For the same reason, I never said “I don’t know.” How could I? As I always had to know, that was my role.

Instead, I piled the pressure on myself to get it right and the burden of being a CEO became heavier and heavier.

The image I had of a CEO at that time was heroic. I was going to go into the house burning to the ground and save the day, and I was going to do it all on my own — or inspire others to do it alongside me.

This image was heroic, but ultimately a fantasy.

I believed leadership was about being the first to face danger, the first to lead the line into battle and the last to go down, fighting.

I played this role to perfection, I could have won an Oscar for my performance. It was truly breathtaking. I went down with the ship, tied to the mast, signing the liquidation papers.

I’ve written about how this fairytale ended many times before, as the suit of armour came off, I realised the wounds were there and they had landed deeper than I thought, finally affecting my mental health. Anxiety ensued and that really did take my breath away.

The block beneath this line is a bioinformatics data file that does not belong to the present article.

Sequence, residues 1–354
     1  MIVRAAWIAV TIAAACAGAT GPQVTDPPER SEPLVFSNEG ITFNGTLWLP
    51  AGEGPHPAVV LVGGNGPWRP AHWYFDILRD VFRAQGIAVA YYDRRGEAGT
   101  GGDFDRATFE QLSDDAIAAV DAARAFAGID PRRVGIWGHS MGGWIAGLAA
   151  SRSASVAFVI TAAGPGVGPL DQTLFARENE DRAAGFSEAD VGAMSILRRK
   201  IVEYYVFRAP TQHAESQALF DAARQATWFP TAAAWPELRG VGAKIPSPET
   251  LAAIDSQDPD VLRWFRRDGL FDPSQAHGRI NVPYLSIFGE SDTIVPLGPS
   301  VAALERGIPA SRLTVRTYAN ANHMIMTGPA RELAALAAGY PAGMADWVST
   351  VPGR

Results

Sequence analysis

This notion of leadership, whether CEO or not. Where we keep on fighting and never show any weakness, is as outdated as our current version of masculinity. It’s not relevant in 2019.

This version of leadership piles immense pressure on CEOs and leaders all round and it creates cultures where this brutal approach to work is expected by everyone. It creates a breeding ground for burnout and for shallow connections in the workplace, where we’re hiding what’s really going, where we’re not showing up and being real.

The traditional character traits of leadership are changing. Vulnerability, empathy and compassion are all behaviours which are being added to the mainstream leadership mix alongside conviction, passion and courage.

The commander-like version of leadership is being challenged and it may start to get some competition from the more humble warrior.

Time will tell, but leadership is changing and I believe the image we have of a “CEO” today is going to be very different in years to come.

James x

James.

Written by

James.

founder @sanctus ❤️ On a mission to transform #mentalhealth